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4 Stars Out Of 5
Faith without works is . . .
December 3, 2010
Review of "The Hole in Our Gospel" by Richard Stearns and narrated by Tommy Creswell
Review: 4 Stars (out of 5)
Richard Stearns is a very inconvenient man. He is of that dangerous sort who comfort the afflicted and afflict the comfortable. "The Hole in Our Gospel" is an inconvenient book. It actually has the temerity to assert that Jesus Christ of Nazareth meant what He said about His mission "to proclaim good news to the poor . . . proclaim liberty to the captives and recover of sight to the blind, to set at liberty those who are oppressed to proclaim the year of the Lord's favor." Stearns presses his point home to challenge the average American Christian's "easy believe-ism" and to ask whether we even believe if our faith is not backed up with works of charity, social justice and compassion. Well read by Tommy Creswell, this is not a book that you "enjoy." This is a book that challenges you. This book would get a 5 star rating, however, there are instances where the book simply seems redundant or stalls out on a point already made. Well worth the listen. "The Hole in Our Gospel" will challenge you to move beyond intellectual assent into action. And that IS the Gospel.
A special thanks to the folks at christianaudio Reviewers Program for the advance copy for review. http://christianaudio.com
How does the president of a company that produces fine tableware find himself at the helm of a Christian organization dedicated to alleviating poverty and its symptoms? This is the story of Richard Stearns, the president of World Vision, Inc. and the author of The Hole in Our Gospel (audiobook read by Tommy Creswell).Stearns book is a detailed account of his personal journey leading to his position at the head of World Vision. While the book does trace his career path, the narrative has more to do with the change of heart that occurred over time to bring him to such a role.The authors compassionate heart is present in every chapter. Listening to Stearns describe the current state of poverty in our world, it is hard not to be drawn in emotionally. Perhaps this was part of his purpose in writing this book, to tug at the heart of those who might otherwise be oblivious to the living conditions that many outside of our context know as normal.While I did find much of the book very interesting and engaging, I have to admit that I am somewhat distracted by the books title. With the subject matter of the book it could be easy to leave someone with the impression that compassion for the poor is an essential element of the gospel. A person could wonder about his status in Christ if he doesnt share the same level of concern for the things Stearns and others do. The hole isnt in our gospel, it is in our understanding of how the gospel moves us to love our neighbors as ourselves.If in the all this book does is to poke a hole (no pun intended) in our Christian bubble so that we become more aware of the economic state of the rest of the world, then I think Stearns has done his job. The authors argument and presentation isnt flawless but it is still very engaging and is worth a read (or listen in my case).Disclosure of Material Connection: I received this book free as part of their Christian Audio Reviewers Program.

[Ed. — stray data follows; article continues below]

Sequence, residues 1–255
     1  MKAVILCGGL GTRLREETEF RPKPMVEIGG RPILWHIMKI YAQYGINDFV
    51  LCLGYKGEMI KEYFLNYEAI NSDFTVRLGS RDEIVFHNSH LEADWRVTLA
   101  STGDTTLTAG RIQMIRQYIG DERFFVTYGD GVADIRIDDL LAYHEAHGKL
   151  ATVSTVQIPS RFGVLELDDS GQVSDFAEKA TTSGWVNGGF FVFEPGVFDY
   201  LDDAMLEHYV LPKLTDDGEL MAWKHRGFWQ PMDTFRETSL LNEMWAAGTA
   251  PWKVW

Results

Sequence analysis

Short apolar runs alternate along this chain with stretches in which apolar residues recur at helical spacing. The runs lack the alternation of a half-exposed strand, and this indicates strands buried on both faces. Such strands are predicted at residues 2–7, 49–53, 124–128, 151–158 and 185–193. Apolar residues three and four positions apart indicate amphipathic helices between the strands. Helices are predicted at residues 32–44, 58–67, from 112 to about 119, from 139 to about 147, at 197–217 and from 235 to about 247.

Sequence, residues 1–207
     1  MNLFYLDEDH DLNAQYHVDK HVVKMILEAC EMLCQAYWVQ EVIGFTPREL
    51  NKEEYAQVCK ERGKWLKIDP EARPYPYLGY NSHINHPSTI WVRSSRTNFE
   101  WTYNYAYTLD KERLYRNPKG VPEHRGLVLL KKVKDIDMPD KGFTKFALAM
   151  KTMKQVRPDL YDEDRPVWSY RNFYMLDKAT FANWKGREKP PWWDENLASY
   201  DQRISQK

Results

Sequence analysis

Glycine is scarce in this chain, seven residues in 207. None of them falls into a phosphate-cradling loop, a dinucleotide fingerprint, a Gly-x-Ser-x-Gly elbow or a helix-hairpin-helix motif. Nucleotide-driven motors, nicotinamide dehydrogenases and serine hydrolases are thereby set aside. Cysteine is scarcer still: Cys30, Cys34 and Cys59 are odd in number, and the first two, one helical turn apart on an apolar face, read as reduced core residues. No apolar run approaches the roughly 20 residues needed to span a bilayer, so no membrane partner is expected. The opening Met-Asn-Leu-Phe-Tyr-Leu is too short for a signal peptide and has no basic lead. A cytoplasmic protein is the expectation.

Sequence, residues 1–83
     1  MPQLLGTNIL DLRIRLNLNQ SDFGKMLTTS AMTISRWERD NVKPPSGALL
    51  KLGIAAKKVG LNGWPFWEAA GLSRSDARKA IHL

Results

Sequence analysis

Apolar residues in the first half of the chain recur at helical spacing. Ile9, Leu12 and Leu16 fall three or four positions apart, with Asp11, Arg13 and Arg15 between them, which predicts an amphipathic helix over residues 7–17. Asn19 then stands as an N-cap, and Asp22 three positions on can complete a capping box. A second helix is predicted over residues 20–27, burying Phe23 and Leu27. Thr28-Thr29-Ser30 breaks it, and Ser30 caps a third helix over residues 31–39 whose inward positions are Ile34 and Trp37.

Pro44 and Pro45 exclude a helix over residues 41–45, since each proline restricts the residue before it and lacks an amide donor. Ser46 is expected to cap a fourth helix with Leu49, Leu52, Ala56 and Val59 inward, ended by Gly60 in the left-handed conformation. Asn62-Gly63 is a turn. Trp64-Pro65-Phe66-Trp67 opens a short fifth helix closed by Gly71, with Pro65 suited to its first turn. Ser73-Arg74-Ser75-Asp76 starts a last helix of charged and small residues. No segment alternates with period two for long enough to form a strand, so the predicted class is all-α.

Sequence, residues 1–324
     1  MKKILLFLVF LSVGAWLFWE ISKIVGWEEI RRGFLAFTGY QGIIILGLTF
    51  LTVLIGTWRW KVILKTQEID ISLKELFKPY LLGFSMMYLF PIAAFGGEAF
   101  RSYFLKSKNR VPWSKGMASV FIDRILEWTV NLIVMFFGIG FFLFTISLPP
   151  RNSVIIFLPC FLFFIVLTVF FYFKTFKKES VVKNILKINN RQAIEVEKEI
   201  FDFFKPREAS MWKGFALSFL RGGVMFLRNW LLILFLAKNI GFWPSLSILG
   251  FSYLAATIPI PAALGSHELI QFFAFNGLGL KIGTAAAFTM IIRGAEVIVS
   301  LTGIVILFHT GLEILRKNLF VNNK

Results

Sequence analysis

I received a free copy of The Hole in Our Gospel by Richard Stearns from Thomas Nelson publishers, for the purpose of review. I received no other compensation. I was not required to write a positive review. My opinions are entirely my own."Have we embraced the whole gospel or a gospel with a hole in it?" This is the question that Richard Stearns faced in a mud hut in Uganda a decade ago, as he listened to the story of an orphaned child. Eventually, God called Mr. Stearns to leave his comfortable life, his position at one of America's most prestigious organizations, and walk with the poor.This compelling true story challenges all that the American gospel of prosperity has ingrained into its followers. God expects more from us than to warm pews, study our Bibles, and be good people. The Hole in Our Gospel takes that challenge and puts hands and feet on it - challenging us to be the hands and feet of Christ - no matter what we must sacrifice.It is a deep, thought provoking, and challenging read that resonated in my heart. I will definitely keep this one in my library, and refer to it often when I need a push out of complacency or selfishness.